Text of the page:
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Trump’s lie about impeachment transcripts is one of his laziest yet

The president suggested Adam Schiff “doctored” impeachment hearings transcripts. He did not.

President Donald Trump and First Lady Melania Trump.
President Donald Trump and First Lady Melania Trump attend the Veterans Day Parade in Madison Square Park on Monday in New York City.
Steven Ferdman/WireImage

It’s not exactly news these days when Donald Trump tells a lie. As of August, he had made more than 12,000 false or misleading claims over the course of his presidency. Even so, Trump began one of the most critical weeks of his presidency — the House will hold its first public impeachment hearings starting Wednesday — with a whopper that ranks among the most unpersuasive he’s ever pushed.

On Twitter, Trump suggested that House Intelligence committee Chair Adam Schiff (D-CA) released doctored transcripts of impeachment depositions conducted behind closed doors — an explosive claim belied by the fact that not a single Republican or witness who has been in the room for them has said anything of the sort.

Schiff’s committee conducted the initial round of impeachment inquiry depositions behind closed doors in part to prevent witnesses from being able to sync up their stories. Despite Republican complaints that the process has been partisan, the 2,677 pages of transcripts that were released over the course of last week show that Republicans were very involved in the questioning. An almost exclusively party-line vote on October 31 set the stage for the public hearings that will begin this week.

Ahead of the release of the transcripts, Trump preemptively complained on Twitter that Schiff “will change the words that were said to suit the Dems [sic] purpose.” But the transcripts were vetted by lawyers ahead of their release and nobody has complained about them. Nonetheless, Trump persists.

Trump’s tweet on Monday represents a departure from what he told reporters last Friday, when he said he wasn’t concerned about any of the impeachment hearing transcripts because it “has all been fine.” In reality, officials who testified in closed-door hearings before impeachment investigators broadly corroborated a whistleblower’s complaint alleging that Trump used military aid to Ukraine as leverage as part of an effort to get the Ukrainian government to do political favors for him. Perhaps most notably, the whistleblower’s account was corroborated in testimony from Lt. Col. Alexander S. Vindman, the top Ukraine expert on the National Security Council, who was on Trump’s July phone call with Ukrainian President Volodymyr Zelensky and reportedly said, “I did not think it was proper.”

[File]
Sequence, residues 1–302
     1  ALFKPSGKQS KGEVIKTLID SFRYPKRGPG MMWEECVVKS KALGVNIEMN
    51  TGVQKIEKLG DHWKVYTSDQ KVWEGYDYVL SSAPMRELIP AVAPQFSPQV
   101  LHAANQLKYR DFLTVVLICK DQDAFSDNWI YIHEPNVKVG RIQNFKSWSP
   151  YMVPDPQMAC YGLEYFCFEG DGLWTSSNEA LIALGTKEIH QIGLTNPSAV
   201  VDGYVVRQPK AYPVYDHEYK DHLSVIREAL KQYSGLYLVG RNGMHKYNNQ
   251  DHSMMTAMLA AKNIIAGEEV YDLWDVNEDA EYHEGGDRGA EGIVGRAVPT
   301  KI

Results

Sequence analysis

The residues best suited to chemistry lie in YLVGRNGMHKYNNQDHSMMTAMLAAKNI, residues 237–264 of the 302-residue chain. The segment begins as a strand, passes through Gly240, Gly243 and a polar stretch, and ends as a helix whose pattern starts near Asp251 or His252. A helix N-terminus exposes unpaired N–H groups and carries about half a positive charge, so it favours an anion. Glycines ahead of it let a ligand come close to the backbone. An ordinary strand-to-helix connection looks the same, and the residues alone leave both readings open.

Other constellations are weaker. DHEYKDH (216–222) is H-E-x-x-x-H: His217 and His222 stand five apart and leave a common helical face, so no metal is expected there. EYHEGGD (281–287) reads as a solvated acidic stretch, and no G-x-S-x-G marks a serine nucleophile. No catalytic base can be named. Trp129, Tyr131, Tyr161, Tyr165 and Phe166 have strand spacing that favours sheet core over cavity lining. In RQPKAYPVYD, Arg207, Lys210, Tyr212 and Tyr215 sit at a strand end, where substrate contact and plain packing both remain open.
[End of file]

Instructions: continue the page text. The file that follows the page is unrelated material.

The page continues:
Trump has dismissed the whistleblower as “fake,” only having “second hand information,” and being “almost completely wrong.” But those talking points are hard to square with the reality of the testimony made public last week. And so now, in addition to his unpersuasive suggestion that the transcripts released last week aren’t legitimate, Trump is trying to tarnish the whistleblower by association.

But that, too, is a problematic strategy for Trump and his defenders. Not only has the whistleblower’s complaint been corroborated by congressional testimony, it has also been corroborated by Trump’s White House — so details about the whistleblower’s background and associations don’t really matter. Nonetheless, Trump has taken to insisting that people read a summary of Trump’s call with Zelensky that was released by the White House in September and corroborates key aspects of the whistleblower’s account.

If it was the case that Schiff released doctored transcripts, Republicans who were in the room for the hearings would surely have raised a fuss about them. But they haven’t. Instead, they’ve tried to deflect from the substance of the testimony by raising concerns about process and attacking Adam Schiff.

The overall picture that emerges is one of a president who’s struggling to come up with a coherent response to a scandal whose next chapter will be public hearings. But even within that context, Trump’s suggestion that testimony transcripts have been doctored stands out as perhaps his weakest pushback yet.

The news moves fast. To stay updated, follow Aaron Rupar on Twitter, and read more of Vox’s policy and politics coverage.

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